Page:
Note: This is another part in our Activist Spotlight series, where we shine a light on Care2 members who are making a difference in their communities.
Paul Yoxon has always had an eye for things most people overlook. He grew up in the bustling city of Liverpool, but his deep affinity for nature led him to frequently escape to the countryside, where he spent many happy hours collecting fossils and rocks.
Perhaps stemming from his connection with nature, his interest in environmental activism began at a young age. When he was thirteen, he joined a Friends of the Earth campaign to protect English otters. He did not know it at the time, but this was the beginning of a passion that would span his lifetime.
Otters are semi-aquatic mammals that live all over the world, both in salty seas and freshwater streams and rivers. They are ancient creatures; otter-like animals have been playing in our world’s rivers and streams for the last 30 million years. Paul explains that they are “members of the Mustelid family, which includes badgers, polecats, martens, weasels, stoats and mink.”
Like sharks, otters sit at the top of the food chain, and their prevalence directly reflects the general health of local land and water environments. However, thanks to waterway pollution and centuries of overhunting, many species of otters are in danger. In the past 30 years, these “forgotten animals of the fur trade” have been driven to the edge of extinction.
In 1993, Paul sought to address this problem himself by setting up the International Otter Survival Fund (IOSF), based in the Isle of Skye, Scotland. IOSF’s purpose is to develop conservation programs, treat injured otters and educate the public so that “future generations can enjoy one of the world’s most charming, elusive and enjoyable mammals.” IOSF currently is involved in otter conservation projects all over the world, including Kenya, Nepal and the U.S./Canada.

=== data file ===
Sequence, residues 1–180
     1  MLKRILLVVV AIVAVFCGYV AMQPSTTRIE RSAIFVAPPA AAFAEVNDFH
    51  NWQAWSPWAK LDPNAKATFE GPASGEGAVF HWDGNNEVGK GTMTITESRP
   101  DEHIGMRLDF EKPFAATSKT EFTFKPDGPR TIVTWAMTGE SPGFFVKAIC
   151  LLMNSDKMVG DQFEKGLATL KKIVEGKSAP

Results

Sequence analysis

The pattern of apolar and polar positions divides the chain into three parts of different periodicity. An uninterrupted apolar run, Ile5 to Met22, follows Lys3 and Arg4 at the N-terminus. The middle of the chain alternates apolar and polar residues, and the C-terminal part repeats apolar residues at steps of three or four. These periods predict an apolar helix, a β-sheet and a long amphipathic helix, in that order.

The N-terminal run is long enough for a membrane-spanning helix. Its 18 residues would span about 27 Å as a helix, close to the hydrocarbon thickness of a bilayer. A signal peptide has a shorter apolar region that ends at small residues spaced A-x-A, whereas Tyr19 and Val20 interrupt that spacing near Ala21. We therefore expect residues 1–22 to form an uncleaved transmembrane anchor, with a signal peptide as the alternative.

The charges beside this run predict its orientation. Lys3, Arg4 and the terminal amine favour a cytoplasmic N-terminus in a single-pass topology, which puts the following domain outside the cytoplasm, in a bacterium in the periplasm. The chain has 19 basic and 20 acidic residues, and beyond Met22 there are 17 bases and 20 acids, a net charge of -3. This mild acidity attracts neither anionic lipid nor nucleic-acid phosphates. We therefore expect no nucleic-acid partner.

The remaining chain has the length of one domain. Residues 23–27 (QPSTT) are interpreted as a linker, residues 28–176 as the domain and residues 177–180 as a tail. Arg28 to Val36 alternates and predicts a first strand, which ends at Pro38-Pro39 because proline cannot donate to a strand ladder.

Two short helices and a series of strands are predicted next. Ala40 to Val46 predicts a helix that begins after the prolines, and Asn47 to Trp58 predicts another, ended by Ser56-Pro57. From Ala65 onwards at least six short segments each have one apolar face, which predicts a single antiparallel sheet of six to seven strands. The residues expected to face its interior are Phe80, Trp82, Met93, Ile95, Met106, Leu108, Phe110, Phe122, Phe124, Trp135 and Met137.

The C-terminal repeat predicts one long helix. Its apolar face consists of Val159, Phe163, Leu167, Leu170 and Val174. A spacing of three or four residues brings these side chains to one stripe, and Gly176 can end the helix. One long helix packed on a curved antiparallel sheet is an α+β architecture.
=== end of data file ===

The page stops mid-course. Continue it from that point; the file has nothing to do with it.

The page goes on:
IOSF’s hard work has been slowly paying off. In 2010, Britain’s Environmental Agency reported that English otters are enjoying a resurgence. Thanks to improved water quality and being classified as an endangered species, these playful creatures now number in the thousands and have slowly been spreading to many regions throughout the country.
Paul is cautiously optimistic. “Otter numbers are increasing, but only slowly,” he warns, “and the reports that otters are flooding back into areas are greatly exaggerated. Otters cannot reproduce quickly: they do not become sexually mature until about two years old, and the data indicates that the average otter lives to about six years old. The young stay with the female for 12-15 months; consequently, the females do not breed every year and may only have two litters in a lifetime.”
He continues to focus his work on otters in Asia, where human needs for sustenance and income directly clash with conservation efforts. For example, he cites a recent example of a case in which 778 otter skins were confiscated by authorities in Tibet, where a traditional garment called the chupa is popular. One chupa requires up to six otter skins. In 1998, upon hearing that the Asian hairy-nosed otter (Lutra sumatrana) was very nearly extinct, IOSF leapt into action, raising funds and locating several small hairy-nosed otter populations in Thailand, Malaysia, Cambodia, and Vietnam, and putting effective conservation measures in place.
“We continue to organize workshops in Asia to bring people together to talk and learn about otters,” he explains. “It is through education that we can get people to protect the 13 species of otter worldwide.”
Today, Paul is a member of the U.K.’s League Against Cruel Sports and the Hunt Saboteurs Association, and actively works against animal cruelty. He frequently visits Care2 so that he can connect with other people who are making a difference. “Care2 [is an] excellent and vibrant site for people who care and make waves in this world we live in,” he says, “and that’s why I will always come back.”
Thank you, Paul, for making such a positive change!